The morning after moving to our new home I noticed a visitor crawling outside on the screen of our living room window. Upon closer examination I noticed it was a beetle. I brought it in to show the kids and put it back outside on the screen once they lost interest. It remained there for a few days so I talked my wife into allowing us to keep it as a pet as it obviously likes our house and there wasn’t much for it to eat on the screen. It seems happy in its terrarium and spends most of the day under the soil I added. It often comes out at night to eat a special jelly for beetles sold in pet stores all over Taiwan. It’s a Japanese Rhinoceros Beetle [Allomyrina dichotoma] and later I found out it probably escaped from the neighbor’s house. It looks like the children of the house have a small area dedicated to breeding beetles outside their home. I hope they don’t think I maliciously stole one of their beetles.
Earlier this month we celebrated our son Nathan’s first birthday. Like most one year olds, Nathan doesn’t get too excited about cake. His sister Josie also wasn’t too thrilled about the cake, either. For some strange reason the Lightning McQueen cake we ordered turned out pink instead of red, leaving her highly disappointed.
We prepared a tray of objects for Nathan’s Zhua Zhou [抓周]. Zhua Zhou [which literally translates to "pick" and "anniversary"] is an activity held on a child’s first birthday. In the activity, objects are placed on a tray and the object a child picks can indicate his or her future career and personality traits.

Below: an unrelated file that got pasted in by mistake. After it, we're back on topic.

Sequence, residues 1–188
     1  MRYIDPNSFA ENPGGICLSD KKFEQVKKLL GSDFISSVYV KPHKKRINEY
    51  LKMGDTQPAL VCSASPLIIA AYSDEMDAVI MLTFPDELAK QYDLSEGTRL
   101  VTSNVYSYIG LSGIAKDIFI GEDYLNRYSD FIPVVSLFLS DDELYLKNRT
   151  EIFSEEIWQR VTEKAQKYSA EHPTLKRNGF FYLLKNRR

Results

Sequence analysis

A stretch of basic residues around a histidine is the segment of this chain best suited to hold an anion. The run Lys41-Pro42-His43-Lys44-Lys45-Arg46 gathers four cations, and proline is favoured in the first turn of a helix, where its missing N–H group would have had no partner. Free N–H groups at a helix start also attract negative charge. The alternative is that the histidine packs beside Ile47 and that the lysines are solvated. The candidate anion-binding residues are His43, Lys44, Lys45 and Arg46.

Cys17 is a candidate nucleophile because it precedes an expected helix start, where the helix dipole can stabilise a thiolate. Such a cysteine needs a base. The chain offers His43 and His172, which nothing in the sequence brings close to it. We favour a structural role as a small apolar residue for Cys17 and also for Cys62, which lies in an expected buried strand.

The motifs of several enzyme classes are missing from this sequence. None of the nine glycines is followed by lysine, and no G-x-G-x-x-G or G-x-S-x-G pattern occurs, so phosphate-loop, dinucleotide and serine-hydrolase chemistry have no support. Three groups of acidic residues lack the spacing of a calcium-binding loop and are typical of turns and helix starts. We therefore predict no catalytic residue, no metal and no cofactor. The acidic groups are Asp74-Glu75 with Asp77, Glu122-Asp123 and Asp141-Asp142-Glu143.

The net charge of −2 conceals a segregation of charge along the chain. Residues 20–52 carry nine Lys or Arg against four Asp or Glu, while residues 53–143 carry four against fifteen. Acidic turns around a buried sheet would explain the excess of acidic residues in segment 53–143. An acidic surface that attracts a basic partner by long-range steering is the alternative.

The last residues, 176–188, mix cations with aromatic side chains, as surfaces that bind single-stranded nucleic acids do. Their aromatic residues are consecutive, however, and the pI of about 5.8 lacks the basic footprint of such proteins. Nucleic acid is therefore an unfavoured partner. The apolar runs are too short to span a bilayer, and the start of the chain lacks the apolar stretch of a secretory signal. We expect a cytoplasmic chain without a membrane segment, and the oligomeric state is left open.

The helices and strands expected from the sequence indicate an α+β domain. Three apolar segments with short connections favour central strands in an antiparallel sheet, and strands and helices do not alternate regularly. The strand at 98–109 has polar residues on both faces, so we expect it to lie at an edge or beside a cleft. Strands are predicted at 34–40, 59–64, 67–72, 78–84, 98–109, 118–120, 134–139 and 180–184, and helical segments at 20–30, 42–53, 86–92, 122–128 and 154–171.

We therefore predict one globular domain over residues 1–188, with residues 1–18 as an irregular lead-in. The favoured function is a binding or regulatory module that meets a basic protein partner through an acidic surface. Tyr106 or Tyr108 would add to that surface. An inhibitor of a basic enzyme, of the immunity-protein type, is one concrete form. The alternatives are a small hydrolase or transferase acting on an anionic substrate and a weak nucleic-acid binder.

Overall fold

The tradition, said to have started during the Three Kingdoms period, arose following the death of Sun He, the prince of the Eastern Wu Kingdom. His father, the emperor Sun Quan, grew worried about which of his grandsons would succeed him, so a Wu citizen named Jing Yang suggested he place a few items on a plate and ask each of his grandsons to pick something. Sun Hao grabbed a bamboo slip – an ancient form of Chinese paper – in one hand, and an imperial belt – symbolizing royal power – in another. Both were deemed fortuitous choices that led to him being chosen as the new emperor. [The Zhua Zhou Way]
The meanings behind some items are pretty straight-forward while others require some knowledge of Chinese language or culture to understand:
- Measuring Tape – Designer / Architect
- Sword – Law Enforcement / Soldier
- Green Onion – Intelligent [green onion (蔥 cōng) and intelligent (聰 cōng) are homophones]
- Stethoscope – Doctor
- Abacus – Businessperson
- Chicken – Food Security
- Yuanbao [(元寶) money used in ancient China] – A life of fortune
- Book – Scholar
- Calligraphy Pen – Writer
- Stamp – Civil Servant
- Peanuts – Long Life
- Microphone – Entertainer
- Celery – Industrious [celery (芹 qín) and industrious (勤 qín) are homophones]
Our son picked up the microphone first and played briefly with a few other objects before we threw his sister onto the tray. No matter what object he started playing with he always went back to the microphone. Despite the best efforts of my mother-in-law to get him to hold the yuanbao [元寶] long enough for a photo he always tossed it aside to grab his microphone.
We checked into a nearby hospital at nine o’clock yesterday evening for preparations leading up to a late night Caesarean section to deliver our son. Cathy went into the delivery room at a quarter after eleven and our son Nathaniel was born at eleven thirty-nine. Currently, he’s the largest baby at the hospital’s newborn nursery at 3.95 kilograms and 54 centimeters long. Now, I can proudly call myself a father of two.